I am of the opinion that if one is attempting a project for the first time, it’s advisable to start with something in which you have very little invested.  I spent only one dollar on this jacket.  Maybe you have one laying around that you don’t wear anymore, that has a stain or you could pick one up at a yard sale or a thrift store.  (This way you’re less likely to bleed money.)


Get a pencil, an eraser and some paint pens:  We used DecoColor paint pens.  It is important to use permanent (oil based) pens for a project like this and NOT water based…otherwise the colors will run if they are exposed to any water.  It also makes clean up trickier (see below) but there’s no way around that if you ever want to launder your item, spot clean it, or if you live in Seattle.


We found ours at Michael’s Crafts and used the weekly 40% off coupon (available in their flier, online, or via the Michael’s smart phone app.)  These paint markers are available on their website:—Basics/gc1666,default,pd.html?cgid=products&start=25


Get snacks:  We made poor choices.  We went with Trolli PeachieO’s.  PeachieO’s are available at Michael’s Craft stores, your local Gas n’ Sip, or anywhere snack time dreams are dashed.



Now that you have your supplies it’s time to get with it!


Step 2.  Look online for a picture of the TARDIS to use as a blueprint of sorts.  This is the picture Hadley found:


We used this picture in an effort to keep things really simple.  We weren’t going for over the top fabulous, just easy and straightforward, because it was the first attempt.


Step 3.  Sketch out what you want to paint in pencil before you make it permanent.  Picasso’s first word as a baby was “piz” (short for lapiz…the Spanish word for pencil) so, yeah, don’t get too cocky here.  If it was good enough for Picasso, it’s good enough for you and me.  If you’re going for something with a lot of straight lines, winging it might not be your best option in this case.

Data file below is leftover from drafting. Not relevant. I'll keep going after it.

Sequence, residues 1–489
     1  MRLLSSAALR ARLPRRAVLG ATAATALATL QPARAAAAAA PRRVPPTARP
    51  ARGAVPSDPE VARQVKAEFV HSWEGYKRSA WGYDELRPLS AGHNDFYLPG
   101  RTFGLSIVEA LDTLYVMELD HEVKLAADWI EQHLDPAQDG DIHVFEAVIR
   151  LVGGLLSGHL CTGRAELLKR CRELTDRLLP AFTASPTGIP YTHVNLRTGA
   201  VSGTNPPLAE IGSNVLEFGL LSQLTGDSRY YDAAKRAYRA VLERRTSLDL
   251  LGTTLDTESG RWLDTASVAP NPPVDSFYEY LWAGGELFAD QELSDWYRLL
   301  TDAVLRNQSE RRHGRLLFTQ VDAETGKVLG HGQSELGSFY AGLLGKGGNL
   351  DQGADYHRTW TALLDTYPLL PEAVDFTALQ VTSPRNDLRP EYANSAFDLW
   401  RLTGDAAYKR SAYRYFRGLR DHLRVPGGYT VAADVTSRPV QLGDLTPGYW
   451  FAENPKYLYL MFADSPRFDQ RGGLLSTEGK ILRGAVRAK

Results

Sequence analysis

Helpful hint:  Before you start drawing and especially before you start painting, put a piece of foam core (always my first choice if I have it on hand), cardboard, or at least some paper bags or plastic between the layers of the garment and also between the garment and the surface on which you’ll be working.  This obviously protects your furniture, but placing a layer between the front and back of the jacket gives you something of substance on which to press your pencils/pens.  It also protects the front of the jacket from paint that might soak through.


Step 4.  At this point start going over what you did in pencil with paint pens.  In our case, Hadley drew the white outline, I filled in the blue and then touched up the white.  This version is VERY simple, but you could get much more intricate if you have the time and are so inclined.  In our case we are starting the project mere hours before my blog is scheduled to “hit the presses”, so intricate was off the table.  We’ll be adding more to the jacket later, so check back for updated photos.  🙂


Helpful hint:  In our haste some of the paint was smeared.  We tried fingernail polish remover to take out the smears with no luck, but Oops! took it RIGHT off, leaving zero spot or residue behind.  Oops! is pretty great stuff to keep on hand.  It is available at Sherwin-Williams.  I sometimes have trouble finding it, and since one can lasts almost as long as two presidential administrations, by the time I need another can the store where I bought it last has normally stopped carrying it, has gone out of business, or has been replaced by a Starbucks.  Starbucks doesn’t carry Oops!


Corporate bastards.

You might want to take a break at this point.  Wait a few minutes while the paint dries before moving on.  You MIGHT consider Trolli PeachieO’s.  I advise against it.



Step 5:  Go back, fill in, touch up, wear and enjoy!  Allons-y y’all!


Again, check back for a more finished product.  I broke my finger and projects/typing have been a challenge…but there will be more to come soon!